Posted/Updated by Bryan Penberthy on 2013-02-23.
As commercial activity flourished in North Carolina in the mid-1700s to the 1800s, Wilmington became one of the largest ports in the state. A hurricane struck the area on September 23, 1761 carving out a new inlet near the mouth of the Cape Fear River. This new inlet would shorten the travel time to the Port of Wilmington, and would become the preferred route of mariners.
Price's Creek Lighthouse, authorized in 1848, was one of eight lighthouses constructed during that time frame to increase the navigability of a twenty-five mile section of the Cape Fear River. Other lighthouses authorized by the same act were a set of range lights for Upper Jetty and Oak Island. Orton Point and Campbell Island were single lighthouses.
The twenty-foot brick tower, completed in 1849, served as the front range light. The base diameter of the tower was seventeen feet with walls three feet thick rising to a diameter of nine feet with two feet thick walls. It was constructed of bricks imported from England.
The rear range light was located about 700-800 feet back from the front range light and served as the keeper's quarters. It was a square brick structure measuring twenty-five feet by twenty-five feet, with a lantern on the roof giving the light an overall height of thirty-five feet. It was finished a year later in 1850. The Southport Times has a photo of the ruins of the rear range light. Lighthouse Digest has an archive photo of the rear range light as well.
The front and the rear range lights were originally outfitted with a series of eight lamps and focused with fourteen-inch reflectors. At some point, like most lighthouses, they were switched over to the more efficient sixth-order Fresnel lenses displaying a fixed white light. At some point in the 1850s, the tower was raised an additional six feet and capped off by a square platform visible in the picture above.
The first assigned keeper for the Price's Creek Range Lights was Samuel C. Mason, but he never took the position. John Bell would become the first keeper to actually serve at the lighthouse.
During the Civil War, the tower would serve as a Confederate signal station to relay communications between Fort Fisher and Fort Caswell. The Confederate Army used the lighthouses to navigate the river and identify batteries.
Cape Fear Lighthouse courtesy Southport Times.
As the Civil War pressed on, the Union Army began to gain the upper hand, forcing the Confederates to retreat. As the Confederate Army retreated, they destroyed six of the eight lighthouses that were built along the Cape Fear River. Their rationale was that the destruction of the lighthouses would impede the advancement of the Union Army by making navigation along the river more difficult.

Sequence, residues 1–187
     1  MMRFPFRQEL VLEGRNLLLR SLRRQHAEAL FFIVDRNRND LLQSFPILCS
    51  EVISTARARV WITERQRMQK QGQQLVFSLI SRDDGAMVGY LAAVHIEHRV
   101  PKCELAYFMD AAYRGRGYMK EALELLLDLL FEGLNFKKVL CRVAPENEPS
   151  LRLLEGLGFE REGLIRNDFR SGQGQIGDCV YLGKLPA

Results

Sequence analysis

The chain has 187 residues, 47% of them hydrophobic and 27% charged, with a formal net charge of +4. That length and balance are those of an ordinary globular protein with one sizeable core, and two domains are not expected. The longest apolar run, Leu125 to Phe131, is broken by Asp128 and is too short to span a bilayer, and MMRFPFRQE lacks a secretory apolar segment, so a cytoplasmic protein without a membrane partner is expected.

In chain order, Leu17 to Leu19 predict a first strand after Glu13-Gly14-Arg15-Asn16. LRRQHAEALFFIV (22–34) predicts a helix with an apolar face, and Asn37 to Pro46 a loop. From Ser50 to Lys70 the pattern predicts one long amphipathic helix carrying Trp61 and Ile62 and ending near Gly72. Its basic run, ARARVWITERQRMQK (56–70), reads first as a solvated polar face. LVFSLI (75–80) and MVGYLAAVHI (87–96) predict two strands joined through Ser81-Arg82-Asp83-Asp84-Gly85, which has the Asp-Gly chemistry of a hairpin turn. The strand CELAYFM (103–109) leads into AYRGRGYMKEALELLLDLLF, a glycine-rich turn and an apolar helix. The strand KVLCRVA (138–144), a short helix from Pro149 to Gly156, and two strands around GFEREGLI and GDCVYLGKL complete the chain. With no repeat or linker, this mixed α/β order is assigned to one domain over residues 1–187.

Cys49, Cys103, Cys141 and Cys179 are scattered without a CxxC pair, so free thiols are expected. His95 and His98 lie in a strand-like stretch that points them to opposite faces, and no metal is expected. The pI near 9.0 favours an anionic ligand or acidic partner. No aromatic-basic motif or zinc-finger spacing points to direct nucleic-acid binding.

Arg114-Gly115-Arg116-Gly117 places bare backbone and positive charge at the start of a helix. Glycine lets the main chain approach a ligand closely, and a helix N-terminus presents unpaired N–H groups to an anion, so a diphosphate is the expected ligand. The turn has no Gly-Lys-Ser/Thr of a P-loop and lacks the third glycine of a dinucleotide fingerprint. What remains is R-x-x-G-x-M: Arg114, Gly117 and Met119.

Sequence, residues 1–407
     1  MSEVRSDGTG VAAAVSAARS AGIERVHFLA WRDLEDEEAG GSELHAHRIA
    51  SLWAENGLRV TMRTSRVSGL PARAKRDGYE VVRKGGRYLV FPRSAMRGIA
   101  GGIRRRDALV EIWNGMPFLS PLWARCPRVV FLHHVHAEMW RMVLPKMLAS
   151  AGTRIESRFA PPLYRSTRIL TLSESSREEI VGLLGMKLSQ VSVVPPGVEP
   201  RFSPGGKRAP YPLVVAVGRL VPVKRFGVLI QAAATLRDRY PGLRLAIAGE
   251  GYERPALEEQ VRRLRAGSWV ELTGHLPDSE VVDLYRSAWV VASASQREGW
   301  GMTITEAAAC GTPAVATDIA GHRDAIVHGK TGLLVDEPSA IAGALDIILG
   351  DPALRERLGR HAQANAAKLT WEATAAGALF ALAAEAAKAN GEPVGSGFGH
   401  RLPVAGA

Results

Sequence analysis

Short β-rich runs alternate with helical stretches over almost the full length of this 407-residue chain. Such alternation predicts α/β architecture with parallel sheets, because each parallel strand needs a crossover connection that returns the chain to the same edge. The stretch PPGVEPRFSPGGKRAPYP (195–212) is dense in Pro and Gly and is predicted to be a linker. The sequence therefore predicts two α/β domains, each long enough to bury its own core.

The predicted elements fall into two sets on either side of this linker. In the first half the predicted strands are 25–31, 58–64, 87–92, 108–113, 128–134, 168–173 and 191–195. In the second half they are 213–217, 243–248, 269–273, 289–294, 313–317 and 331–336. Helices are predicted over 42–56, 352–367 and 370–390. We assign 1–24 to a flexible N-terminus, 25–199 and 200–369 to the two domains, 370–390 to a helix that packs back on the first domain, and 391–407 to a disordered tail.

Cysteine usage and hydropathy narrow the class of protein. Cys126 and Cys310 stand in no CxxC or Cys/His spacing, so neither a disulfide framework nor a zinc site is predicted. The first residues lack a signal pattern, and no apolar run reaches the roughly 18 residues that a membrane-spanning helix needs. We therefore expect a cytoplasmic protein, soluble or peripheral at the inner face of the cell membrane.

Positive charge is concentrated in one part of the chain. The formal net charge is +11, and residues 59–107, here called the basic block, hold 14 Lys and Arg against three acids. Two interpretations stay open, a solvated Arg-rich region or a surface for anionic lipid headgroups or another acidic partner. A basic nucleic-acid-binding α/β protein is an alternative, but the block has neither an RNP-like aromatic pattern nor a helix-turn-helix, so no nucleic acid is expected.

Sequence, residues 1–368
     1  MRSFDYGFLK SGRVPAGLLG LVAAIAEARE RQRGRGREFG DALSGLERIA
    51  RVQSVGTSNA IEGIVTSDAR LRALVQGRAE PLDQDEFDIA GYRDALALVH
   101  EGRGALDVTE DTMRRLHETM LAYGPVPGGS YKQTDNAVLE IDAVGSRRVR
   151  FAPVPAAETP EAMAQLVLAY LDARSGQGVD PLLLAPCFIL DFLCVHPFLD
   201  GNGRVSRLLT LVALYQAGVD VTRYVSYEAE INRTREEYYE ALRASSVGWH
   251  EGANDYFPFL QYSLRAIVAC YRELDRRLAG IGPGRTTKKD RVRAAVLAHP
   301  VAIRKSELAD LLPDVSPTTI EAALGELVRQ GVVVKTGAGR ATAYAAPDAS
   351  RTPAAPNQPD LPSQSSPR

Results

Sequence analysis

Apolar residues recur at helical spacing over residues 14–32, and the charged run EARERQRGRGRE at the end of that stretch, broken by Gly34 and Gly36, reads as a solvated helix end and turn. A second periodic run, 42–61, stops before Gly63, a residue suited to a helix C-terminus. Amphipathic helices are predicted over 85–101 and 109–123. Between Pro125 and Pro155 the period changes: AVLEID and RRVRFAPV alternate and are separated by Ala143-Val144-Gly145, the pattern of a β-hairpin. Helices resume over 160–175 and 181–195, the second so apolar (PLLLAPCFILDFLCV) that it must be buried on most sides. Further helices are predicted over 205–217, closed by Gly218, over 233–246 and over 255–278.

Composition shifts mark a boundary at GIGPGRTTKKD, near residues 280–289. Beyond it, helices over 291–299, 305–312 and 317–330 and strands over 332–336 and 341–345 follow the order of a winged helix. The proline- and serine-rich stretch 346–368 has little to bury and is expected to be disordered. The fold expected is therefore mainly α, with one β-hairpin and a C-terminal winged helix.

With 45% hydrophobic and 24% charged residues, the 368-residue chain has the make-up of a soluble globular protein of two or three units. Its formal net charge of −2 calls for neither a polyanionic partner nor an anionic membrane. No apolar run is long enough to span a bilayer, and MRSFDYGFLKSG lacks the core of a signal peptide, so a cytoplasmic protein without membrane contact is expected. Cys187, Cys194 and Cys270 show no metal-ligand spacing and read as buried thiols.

The only towers that made it through the war were the Price's Creek Range Lighthouses. Both were heavily damaged and taken out of service, but mostly still intact. They were abandoned by the federal government in 1861. By the turn of the century, hurricanes eventually claimed the rear range lighthouse reducing it to a pile of bricks, which local residents hauled away for use in new construction.
Today, the lighthouse stands on the private property of Archer Daniels Midland (ADM), a company that transforms crops into renewable products. The best view of the lighthouse is from the Southport / Fort Fisher Ferry. The lighthouse is in poor condition, with missing door, lantern, and windows, allowing the elements to enter the structure.
Many lighthouse preservation groups have written and called the Archer Daniels Midland Company asking them to either preserve the lighthouse, or let a group take over care for the lighthouse. However, from what I have read, there has been no response from the company. Its so sad that a corporation of that size cannot / will not do anything to preserve the town's heritage!
There are several photos on the web showing the original lantern room. The Lighthouse Digest has an archive photo showing the original bird-cage style lantern. The Southport Times has a different photo of the lantern room.
- Lighthouses of the Carolinas - A Short History and Guide, Terrance Zepke, 1998.
- Annual Report of the Light House Board, U.S. Lighthouse Service, Various years.
- America's Atlantic Coast Lighthouses (6th edition), Jeremy D'Entremont, 2005.
- "Price's Creek - Visiting the Doomsday Light," Stephen Wilmoth, Lighthouse Digest, July 2005.
- "Price's Creek Lighthouse," Lisa Arnold, The Southport Times, October 5, 2013.
- National Park Service website.
Directions: The easiest way to view this lighthouse is via the Southport - Fort Fisher Ferry. The ferry travels right past the lighthouse. This shot was taken with a 500MM telephoto lens, and as you can see, it came out wonderful.
Access: The lighthouse sits on private property, and therefore access is restricted. The Outer Banks Lighthouse Society has in the past organized visits to the site with the owner's permission.
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